Lawmakers hope to pass bill requiring law enforcement to wear body cameras

Published: Dec. 3, 2014 at 4:21 AM EST|Updated: Jan. 21, 2015 at 4:42 PM EST
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COLUMBIA, SC (WIS) - For State Senator Gerald Malloy, the adage that a picture is worth a thousand words still holds true.

Video, on the other hand, is word even more.

In the case of the LeVar Jones shooting which took place at a Columbia gas station, video evidence helped put a state trooper behind bars. Malloy doesn't believe that would have happened without that footage.

"Eyewitness testimony, obviously, is what we like to have most of the time," Sen. Malloy said, "but it is not the absolute best evidence because witnesses, sometimes after the fact, start filling in the gaps as to what they thought they saw."

Malloy and other lawmakers want all South Carolina officers to wear body cameras and he's filing a bill that, if passed, would make it a mandate.

All of this, happening in the aftermath of Ferguson, where there was no video and conflicting eyewitness accounts.

"I don't think anyone can oppose this," Malloy said. "I think it's a win-win situation."

Malloy's goal is to put South Carolina ahead of the curb. He says the cameras will either point out injustice or quickly validate police action.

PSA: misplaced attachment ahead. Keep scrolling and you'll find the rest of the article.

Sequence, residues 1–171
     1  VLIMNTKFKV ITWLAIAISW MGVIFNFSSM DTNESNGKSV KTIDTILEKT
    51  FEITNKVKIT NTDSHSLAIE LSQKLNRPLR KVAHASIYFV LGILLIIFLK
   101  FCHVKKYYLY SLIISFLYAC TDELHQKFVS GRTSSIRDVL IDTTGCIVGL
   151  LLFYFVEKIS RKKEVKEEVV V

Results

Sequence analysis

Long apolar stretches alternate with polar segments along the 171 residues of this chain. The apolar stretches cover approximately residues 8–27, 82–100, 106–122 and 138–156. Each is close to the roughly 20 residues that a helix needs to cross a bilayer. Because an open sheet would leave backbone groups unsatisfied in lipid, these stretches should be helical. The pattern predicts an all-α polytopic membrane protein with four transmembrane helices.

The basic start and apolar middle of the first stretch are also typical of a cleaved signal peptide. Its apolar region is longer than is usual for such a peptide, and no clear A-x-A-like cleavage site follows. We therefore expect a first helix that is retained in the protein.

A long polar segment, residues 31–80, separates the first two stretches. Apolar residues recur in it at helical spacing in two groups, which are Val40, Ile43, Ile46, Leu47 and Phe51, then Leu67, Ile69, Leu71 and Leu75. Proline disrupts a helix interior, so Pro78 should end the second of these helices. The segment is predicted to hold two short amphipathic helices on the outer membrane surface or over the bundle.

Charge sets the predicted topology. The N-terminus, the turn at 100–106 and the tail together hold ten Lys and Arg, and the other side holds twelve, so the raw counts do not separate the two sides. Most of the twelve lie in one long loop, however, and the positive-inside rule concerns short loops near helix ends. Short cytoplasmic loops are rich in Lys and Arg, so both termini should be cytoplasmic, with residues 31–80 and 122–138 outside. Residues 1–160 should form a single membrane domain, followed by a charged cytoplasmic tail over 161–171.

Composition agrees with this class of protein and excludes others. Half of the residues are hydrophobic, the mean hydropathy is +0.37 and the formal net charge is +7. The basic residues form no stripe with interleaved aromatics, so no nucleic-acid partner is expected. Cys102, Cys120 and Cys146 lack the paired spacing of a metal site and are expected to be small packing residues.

"Law enforcement, really, they support this," Malloy said. "In large part, because they want make certain that they can instill confidence in the community too."

The cameras, according to Malloy, range from $200 to $800. He says the cost might spark debate along with other concerns. However, Malloy says the state might be able to get some federal grant money. Ultimately, he's hoping for bipartisan body camera support in the new session.

"This just makes sense," Malloy said, "so what we're talking about is doing common sense legislation."

The South Carolina Law Enforcement Officers' Association says some departments are already using them or trying them out. Among them are the Hartsville Police Department , USC Police, Spartanburg, Myrtle Beach, Charleston, and Columbia Police Departments.

The Kershaw County Sheriff's Office is in the process of ordering cameras for all deputies next year for $50,000. Sheriff Jim Matthews says body cameras should be an "industry standard" and says legislation is a "wise move."

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